The autophagic pathway is an evolutionarily conserved homeostatic process, responsible for degradation and recycling of long-term proteins and cytoplasmic organelles in eukaryotic cells. This process constitutively occurs at basal levels and is involved in cell survival. Increased autophagy is induced by environmental cues, such as starvation and many stress agents, while excessive levels of autophagy can lead to autophagic Programmed Cell Death, with features that differ from those of the apoptotic process. We recently demonstrated massive activation of autophagy in P. lividus embryos, in cadmium stress conditions, and the existence of a temporal relationship between induced autophagy end apoptosis. Although there are numerous studies on the role of autophagy during development of different organisms, only a few of them examine its role during oocyte maturation and early embryogenesis.Here we report our recent data about the occurrence of autophagy, from oogenesis to early stages of embryogenesis. By detection and quantification of autophagic markers i.e. acidic vesicular Organelles (AVOs) and LC3-II protein we observed that: i) oocytes and early developmental stages exhibit a peculiar localization of autophagic signals; ii) these signals greatly increase after fertilization until 32 blastomeres; iii) interestingly a short autophagic inhibition, after fertilization, strongly interferes with starting developmental program, causing evident and irreversible impairments of morphology, as well as induction of apoptosis at gastrula stage. These data lead to the hypothesis that autophagy could act: i) during oogenesis, for recycling of cellular components and for elimination of the germinal vesicle; ii) during early embryogenesis, for yolk digestion or for removal of obsolete proteins and organelles; iii) in the micromeres for some mechanism probably linked to the subsequent gastrulation. Altogether these considerations pave the way for further investigation on the role of autophagy during development.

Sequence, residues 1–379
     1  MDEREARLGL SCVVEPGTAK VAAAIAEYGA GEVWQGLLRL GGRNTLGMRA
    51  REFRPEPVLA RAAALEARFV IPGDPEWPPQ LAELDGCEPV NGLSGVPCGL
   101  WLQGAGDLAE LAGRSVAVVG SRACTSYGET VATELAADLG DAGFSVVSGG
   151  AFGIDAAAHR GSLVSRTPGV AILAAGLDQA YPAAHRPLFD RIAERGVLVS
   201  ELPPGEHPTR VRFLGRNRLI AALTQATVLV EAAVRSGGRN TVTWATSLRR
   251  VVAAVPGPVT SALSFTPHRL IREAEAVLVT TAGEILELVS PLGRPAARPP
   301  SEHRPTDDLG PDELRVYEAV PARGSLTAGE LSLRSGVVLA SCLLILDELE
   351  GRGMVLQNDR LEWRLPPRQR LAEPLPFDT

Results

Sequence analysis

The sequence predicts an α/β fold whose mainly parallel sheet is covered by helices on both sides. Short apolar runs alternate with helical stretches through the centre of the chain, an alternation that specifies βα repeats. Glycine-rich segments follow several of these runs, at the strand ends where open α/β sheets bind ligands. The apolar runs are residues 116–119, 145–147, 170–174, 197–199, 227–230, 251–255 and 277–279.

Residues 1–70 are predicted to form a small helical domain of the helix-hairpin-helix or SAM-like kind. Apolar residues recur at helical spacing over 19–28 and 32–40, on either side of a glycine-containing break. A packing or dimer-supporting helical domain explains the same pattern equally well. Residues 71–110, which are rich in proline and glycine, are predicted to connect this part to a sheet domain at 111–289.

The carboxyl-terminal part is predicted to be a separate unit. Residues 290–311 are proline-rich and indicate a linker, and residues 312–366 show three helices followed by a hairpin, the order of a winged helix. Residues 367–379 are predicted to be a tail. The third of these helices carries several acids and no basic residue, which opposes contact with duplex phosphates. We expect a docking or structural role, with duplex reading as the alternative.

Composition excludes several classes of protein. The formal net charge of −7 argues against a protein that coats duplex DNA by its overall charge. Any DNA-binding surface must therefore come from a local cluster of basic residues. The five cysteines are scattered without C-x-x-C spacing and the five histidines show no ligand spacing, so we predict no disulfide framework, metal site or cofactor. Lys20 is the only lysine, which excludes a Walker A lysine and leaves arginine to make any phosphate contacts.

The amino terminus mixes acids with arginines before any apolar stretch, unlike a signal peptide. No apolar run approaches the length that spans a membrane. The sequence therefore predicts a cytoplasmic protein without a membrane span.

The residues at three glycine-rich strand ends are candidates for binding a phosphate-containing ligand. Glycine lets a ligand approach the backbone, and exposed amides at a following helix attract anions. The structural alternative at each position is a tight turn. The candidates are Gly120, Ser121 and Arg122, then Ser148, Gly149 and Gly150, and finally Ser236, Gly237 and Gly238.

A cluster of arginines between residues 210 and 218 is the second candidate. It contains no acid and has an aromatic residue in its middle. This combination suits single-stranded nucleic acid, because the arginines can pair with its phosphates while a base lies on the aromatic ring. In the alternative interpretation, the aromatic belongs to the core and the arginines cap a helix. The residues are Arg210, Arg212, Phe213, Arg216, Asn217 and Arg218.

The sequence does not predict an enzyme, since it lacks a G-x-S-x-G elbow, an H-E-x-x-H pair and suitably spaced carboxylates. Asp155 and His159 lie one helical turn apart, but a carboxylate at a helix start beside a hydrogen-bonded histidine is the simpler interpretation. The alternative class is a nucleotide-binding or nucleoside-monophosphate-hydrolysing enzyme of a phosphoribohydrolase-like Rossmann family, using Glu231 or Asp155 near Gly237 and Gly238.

|Number of pages||1|
|Publication status||Published - 2015|